Olympic National Park is a United States national park located in the state of Washington, on the Olympic Peninsula. The park has four basic regions: the Pacific coastline, alpine areas, the west side temperate rainforest and the forests of the drier east side.
U.S. President Theodore Roosevelt originally created Mount Olympus National Monument on 2 March 1909. It was designated a national park by President Franklin Roosevelt on June 29, 1938. In 1976, Olympic National Park became an International Biosphere Reserve, and in 1981 it was designated a World Heritage Site. In 1988, Congress designated 95 percent of the park as the Olympic Wilderness.
Prior to the influx of European settlers, Olympic’s human population consisted of Native Americans, whose use of the peninsula was thought to have consisted mainly of fishing and hunting. However, recent reviews of the record, coupled with systematic archaeological surveys of the mountains (Olympic and other Northwest ranges) are pointing to much more extensive tribal use of especially the subalpine meadows than seemed formerly to be the case. Most if not all Pacific Northwest indigenous cultures were adversely affected by European diseases (often decimated) and other factors, well before ethnographers, business operations and settlers arrived in the region, so what they saw and recorded was a much-reduced native culture-base. Large numbers of cultural sites are now identified in the Olympic mountains, and important artifacts have been found.
When settlers began to appear, extractive industry in the Pacific Northwest was on the rise, particularly in regards to the harvesting of timber, which began heavily in the late 19th and early 20th centuries. Public dissent against logging began to take hold in the 1920s, when people got their first glimpses of the clear-cut hillsides. This period saw an explosion of people’s interest in the outdoors; with the growing use of the automobile, people took to touring previously remote places like the Olympic Peninsula.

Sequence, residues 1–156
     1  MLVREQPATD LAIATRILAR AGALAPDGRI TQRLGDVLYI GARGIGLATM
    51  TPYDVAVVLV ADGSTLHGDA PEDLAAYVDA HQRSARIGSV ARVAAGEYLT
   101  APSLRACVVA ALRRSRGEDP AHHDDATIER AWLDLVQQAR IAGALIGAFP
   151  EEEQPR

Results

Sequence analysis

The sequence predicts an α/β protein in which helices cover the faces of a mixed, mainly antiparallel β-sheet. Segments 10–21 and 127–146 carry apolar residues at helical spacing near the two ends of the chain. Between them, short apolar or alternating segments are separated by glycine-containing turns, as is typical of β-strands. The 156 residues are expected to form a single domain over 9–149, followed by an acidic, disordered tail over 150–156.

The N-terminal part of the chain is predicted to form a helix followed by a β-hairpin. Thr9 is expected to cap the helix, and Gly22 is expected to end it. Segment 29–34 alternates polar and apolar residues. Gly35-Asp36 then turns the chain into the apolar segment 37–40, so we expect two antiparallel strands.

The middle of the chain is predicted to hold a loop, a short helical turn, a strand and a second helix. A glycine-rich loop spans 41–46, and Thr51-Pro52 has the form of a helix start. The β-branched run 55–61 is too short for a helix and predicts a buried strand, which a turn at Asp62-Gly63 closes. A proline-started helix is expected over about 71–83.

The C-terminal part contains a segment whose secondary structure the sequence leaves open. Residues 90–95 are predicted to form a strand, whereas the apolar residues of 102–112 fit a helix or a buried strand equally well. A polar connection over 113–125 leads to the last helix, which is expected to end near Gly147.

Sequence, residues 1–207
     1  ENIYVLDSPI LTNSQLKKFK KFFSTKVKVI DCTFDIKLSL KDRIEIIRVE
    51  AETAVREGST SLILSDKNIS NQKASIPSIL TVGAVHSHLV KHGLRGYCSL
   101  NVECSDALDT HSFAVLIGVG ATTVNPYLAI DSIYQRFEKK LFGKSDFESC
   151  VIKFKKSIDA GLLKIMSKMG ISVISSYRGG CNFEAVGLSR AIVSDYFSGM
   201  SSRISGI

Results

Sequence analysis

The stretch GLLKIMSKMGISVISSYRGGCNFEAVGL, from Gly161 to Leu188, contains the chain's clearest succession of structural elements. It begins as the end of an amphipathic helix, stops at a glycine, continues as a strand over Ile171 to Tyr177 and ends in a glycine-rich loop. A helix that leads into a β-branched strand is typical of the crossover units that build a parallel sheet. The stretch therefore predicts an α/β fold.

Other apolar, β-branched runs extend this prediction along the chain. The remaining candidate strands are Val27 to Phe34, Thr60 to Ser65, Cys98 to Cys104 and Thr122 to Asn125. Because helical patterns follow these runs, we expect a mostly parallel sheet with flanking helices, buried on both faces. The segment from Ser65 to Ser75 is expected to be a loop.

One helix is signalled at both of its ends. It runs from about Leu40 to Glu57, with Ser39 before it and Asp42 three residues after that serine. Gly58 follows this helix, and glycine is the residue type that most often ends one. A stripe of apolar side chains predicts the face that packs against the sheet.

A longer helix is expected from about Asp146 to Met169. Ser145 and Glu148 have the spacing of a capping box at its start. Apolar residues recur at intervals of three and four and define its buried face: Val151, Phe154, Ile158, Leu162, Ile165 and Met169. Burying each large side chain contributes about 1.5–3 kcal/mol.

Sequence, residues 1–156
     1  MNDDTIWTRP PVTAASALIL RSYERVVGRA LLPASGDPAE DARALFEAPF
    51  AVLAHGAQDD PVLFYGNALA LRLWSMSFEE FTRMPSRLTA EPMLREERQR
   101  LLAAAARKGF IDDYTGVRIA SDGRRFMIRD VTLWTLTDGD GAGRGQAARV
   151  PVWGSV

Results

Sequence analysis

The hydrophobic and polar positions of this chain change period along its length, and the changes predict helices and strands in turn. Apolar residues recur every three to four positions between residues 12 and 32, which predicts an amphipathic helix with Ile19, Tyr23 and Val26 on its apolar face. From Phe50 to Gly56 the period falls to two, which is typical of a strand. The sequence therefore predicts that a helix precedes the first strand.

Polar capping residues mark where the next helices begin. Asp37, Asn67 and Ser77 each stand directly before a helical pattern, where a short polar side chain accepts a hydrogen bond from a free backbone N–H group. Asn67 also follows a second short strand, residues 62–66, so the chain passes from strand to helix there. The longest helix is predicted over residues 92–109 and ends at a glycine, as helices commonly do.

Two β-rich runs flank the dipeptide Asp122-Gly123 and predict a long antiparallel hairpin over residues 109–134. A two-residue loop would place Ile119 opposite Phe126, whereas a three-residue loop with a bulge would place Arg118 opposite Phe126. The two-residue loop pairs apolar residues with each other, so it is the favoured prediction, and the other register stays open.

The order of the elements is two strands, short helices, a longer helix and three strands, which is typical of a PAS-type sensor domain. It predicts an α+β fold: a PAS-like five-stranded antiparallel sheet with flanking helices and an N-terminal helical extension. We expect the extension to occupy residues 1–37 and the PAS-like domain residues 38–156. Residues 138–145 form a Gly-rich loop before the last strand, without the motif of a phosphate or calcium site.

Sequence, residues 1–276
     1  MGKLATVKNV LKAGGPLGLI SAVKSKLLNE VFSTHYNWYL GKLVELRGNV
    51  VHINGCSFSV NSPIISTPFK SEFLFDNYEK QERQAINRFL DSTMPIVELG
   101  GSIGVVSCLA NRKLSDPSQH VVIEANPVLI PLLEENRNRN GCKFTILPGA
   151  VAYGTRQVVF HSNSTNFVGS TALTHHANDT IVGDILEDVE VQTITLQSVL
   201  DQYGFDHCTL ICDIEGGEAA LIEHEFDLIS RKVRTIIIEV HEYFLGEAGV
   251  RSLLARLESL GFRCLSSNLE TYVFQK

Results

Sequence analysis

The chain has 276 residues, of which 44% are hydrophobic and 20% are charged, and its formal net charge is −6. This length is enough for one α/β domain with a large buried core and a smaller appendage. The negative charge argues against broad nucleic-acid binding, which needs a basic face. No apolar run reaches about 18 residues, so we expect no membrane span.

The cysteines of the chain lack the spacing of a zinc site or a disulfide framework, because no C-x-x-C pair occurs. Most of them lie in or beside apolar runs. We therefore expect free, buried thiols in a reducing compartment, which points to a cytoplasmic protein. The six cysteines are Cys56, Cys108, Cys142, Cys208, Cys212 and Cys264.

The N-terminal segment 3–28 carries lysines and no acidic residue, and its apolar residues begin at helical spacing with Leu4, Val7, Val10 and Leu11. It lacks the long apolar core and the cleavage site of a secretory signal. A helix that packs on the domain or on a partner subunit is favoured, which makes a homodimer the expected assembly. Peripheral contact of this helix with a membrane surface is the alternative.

The formal record of a proposal for a new national park on the Olympic Peninsula begins with the expeditions of well-known figures Lieutenant Joseph O’Neil and Judge James Wickersham, during the 1890s. These notables met in the Olympic wilderness while exploring, and subsequently combined their political efforts to have the area placed within some protected status. Following unsuccessful efforts in the Washington State Legislature in the early 1900s, President Theodore Roosevelt created Mount Olympus National Monument in 1909, primarily to protect the subalpine calving grounds and summer range of the Roosevelt elk herds native to the Olympics.
Public desire for preservation of some of the area grew until President Franklin D. Roosevelt declared ONP a national park in 1938. Even after ONP was declared a park, though, illegal logging continued in the park, and political battles continue to this day over the incredibly valuable timber contained within its boundaries. Logging continues on the Olympic Peninsula, but not within the park. A book detailing the history of the fight for ONP’s timber is Olympic Battleground: The Power Politics of Timber Preservation by Carsten Lien.